Common Mistakes Made by New Managers – avoid these career killers

//Common Mistakes Made by New Managers – avoid these career killers

Common Mistakes Made by New Managers – avoid these career killers

Hey congratulations on your promotion if you’re a new manager. The step you’re taking is one of the most significant transitions that you will make in the course of your career –  moving from performing an operational, doing role and stepping into the leadership role..

Chances are that you’ve been recognised because you’ve displayed solid technical common mistakes made by new managersskills combined with a good work ethic. Someone has seen the leadership potential in you – and has shown faith that you will be capable of learning how to manage the work of others.

But don’t kid yourself …… there’s a lot to learn and there will be some periods of frustration and uncertainty along the way for you.

Many new managers find that it can take at least 12 months before they start feeling confident that they understand the role and what’s expected of them –  and eventually begin to develop the skills and the judgement that is needed as a manager.

New manager pitfalls to avoid

So what are some of the most common mistakes that new managers make? Here are three of the pitfalls that you will need to watch out for – otherwise they can all too easily become career killers …..

  1. Hanging onto your old job …… If you’ve appointed someone else to replace you in your old role, then of course you will need to ensure that they receive the technical training that is essential for them to succeed…… But then get out of their way. Yes, you monitor their progress and sometimes you might still need to provide some gentle reminders – but let them do the job they are paid to do. Your job is now overseeing the work of the whole team.  If you continue to do excessive hands-on work yourself, then when is the forward planning, organising and coordinating work getting done on behalf of the team? Forward thinking and planning is what helps prevent operational pressure and problems for your team – so don’t undervalue the importance of allocating time to this.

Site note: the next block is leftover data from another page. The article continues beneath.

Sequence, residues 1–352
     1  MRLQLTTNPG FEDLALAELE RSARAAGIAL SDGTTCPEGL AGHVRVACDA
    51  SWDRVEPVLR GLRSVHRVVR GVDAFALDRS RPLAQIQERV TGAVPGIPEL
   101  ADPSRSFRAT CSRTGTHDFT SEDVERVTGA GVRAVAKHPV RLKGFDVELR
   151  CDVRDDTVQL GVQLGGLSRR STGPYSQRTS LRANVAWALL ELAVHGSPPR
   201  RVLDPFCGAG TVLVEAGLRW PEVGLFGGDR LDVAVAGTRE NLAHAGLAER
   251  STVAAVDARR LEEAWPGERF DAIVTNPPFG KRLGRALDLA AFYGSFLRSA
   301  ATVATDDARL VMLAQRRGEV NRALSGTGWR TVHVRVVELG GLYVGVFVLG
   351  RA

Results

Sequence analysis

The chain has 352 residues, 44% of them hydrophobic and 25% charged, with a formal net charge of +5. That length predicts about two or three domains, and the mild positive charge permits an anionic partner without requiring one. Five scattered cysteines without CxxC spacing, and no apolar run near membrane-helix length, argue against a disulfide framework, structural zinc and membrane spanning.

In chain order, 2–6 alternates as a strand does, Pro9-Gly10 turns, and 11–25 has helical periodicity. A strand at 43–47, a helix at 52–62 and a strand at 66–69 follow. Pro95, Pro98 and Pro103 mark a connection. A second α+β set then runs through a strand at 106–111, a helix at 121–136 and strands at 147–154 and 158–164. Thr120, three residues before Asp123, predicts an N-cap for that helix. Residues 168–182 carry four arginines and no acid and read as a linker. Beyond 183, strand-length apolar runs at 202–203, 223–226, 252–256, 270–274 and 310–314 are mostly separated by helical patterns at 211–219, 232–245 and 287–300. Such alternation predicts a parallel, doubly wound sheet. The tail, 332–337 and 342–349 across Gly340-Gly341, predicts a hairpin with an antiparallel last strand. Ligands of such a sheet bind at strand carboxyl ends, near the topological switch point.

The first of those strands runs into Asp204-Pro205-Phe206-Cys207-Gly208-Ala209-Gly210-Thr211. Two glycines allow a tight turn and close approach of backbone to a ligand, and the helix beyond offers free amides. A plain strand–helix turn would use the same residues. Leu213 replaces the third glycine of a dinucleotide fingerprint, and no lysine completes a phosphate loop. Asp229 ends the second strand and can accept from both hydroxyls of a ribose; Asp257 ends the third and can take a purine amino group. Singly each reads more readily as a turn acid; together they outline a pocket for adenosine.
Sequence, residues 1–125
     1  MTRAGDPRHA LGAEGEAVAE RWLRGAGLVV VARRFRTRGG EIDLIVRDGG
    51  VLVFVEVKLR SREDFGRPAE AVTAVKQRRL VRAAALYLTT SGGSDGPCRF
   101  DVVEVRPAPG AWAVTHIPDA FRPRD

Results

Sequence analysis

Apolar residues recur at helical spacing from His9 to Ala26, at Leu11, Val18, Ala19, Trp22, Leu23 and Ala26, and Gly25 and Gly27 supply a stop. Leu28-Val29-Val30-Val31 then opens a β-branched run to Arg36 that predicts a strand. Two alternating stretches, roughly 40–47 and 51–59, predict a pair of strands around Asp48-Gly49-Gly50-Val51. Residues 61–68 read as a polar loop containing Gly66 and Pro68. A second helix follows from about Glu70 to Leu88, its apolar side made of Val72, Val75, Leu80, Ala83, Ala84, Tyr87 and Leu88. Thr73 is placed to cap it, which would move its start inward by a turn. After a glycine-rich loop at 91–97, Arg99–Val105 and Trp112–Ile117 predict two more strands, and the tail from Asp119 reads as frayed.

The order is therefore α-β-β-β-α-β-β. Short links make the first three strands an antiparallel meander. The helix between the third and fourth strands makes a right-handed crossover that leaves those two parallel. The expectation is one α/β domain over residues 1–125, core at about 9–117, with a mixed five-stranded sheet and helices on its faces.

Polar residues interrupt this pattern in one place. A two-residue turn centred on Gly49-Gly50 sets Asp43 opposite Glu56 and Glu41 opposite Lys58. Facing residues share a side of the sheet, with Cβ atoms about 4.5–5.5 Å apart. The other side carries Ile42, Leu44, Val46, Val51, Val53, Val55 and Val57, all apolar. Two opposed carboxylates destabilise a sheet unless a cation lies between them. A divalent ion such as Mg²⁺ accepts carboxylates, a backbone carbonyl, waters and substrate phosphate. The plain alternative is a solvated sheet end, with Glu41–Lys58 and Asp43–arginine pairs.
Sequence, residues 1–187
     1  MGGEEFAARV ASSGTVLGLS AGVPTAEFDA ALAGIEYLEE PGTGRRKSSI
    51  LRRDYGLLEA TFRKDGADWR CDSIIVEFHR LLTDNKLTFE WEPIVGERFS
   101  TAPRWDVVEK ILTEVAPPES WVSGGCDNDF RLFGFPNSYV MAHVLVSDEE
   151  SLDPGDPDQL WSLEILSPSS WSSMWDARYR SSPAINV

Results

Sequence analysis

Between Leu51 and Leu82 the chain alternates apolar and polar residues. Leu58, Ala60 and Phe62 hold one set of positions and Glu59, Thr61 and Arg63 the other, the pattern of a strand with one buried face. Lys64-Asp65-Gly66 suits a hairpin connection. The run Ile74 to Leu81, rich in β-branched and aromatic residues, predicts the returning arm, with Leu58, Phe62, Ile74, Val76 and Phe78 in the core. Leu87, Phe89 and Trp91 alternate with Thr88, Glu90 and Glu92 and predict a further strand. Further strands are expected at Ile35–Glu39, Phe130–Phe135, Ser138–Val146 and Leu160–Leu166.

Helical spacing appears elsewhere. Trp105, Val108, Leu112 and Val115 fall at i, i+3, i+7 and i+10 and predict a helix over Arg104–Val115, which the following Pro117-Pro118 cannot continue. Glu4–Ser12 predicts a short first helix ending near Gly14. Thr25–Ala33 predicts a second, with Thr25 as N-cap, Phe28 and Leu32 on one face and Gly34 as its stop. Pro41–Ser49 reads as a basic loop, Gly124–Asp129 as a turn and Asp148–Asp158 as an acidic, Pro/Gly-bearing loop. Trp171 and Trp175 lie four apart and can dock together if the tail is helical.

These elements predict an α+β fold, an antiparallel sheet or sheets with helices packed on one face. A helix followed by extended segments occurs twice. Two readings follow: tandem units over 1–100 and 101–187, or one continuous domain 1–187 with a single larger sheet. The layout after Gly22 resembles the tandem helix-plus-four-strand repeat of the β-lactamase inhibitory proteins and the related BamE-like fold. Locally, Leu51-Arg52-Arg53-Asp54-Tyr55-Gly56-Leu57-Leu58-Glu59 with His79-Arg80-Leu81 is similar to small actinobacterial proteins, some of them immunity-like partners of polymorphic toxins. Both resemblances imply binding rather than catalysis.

2. Thinking and acting as though you’ve got to have all the answers …… When operational problems arise, remember you have a team. Don’t be afraid to consult with them and get their thoughts. Chances are that there will usually be someone in the team with the experience or the ideas to help find a solution. By respecting and acknowledging the experience of the team and seeking their input into planning and problem solving, you will likely find that most staff will respond and actually welcome the opportunity to become more engaged.
  3. Waiting too long to deal with staff performance issues ….. Even experienced managers can struggle to deal constructively with unsatisfactory employee performance. It can be even more daunting for a new manager who can often worry too much about being “liked” by team-members. The fear of damaging working relationships as well as the uncertainty of how to deal with an under-performing staff member means that the new manager ends up being over-tolerant of performance or behaviour that is unacceptable. These types of performance issues that the new manager fails to address can result in a loss of respect from the team. Now this does not mean the new manager should be jumping in boots and all at the first sign of unsatisfactory performance – instead it means being willing to have a quiet chat with the employee to explore what’s needed to get things back on track.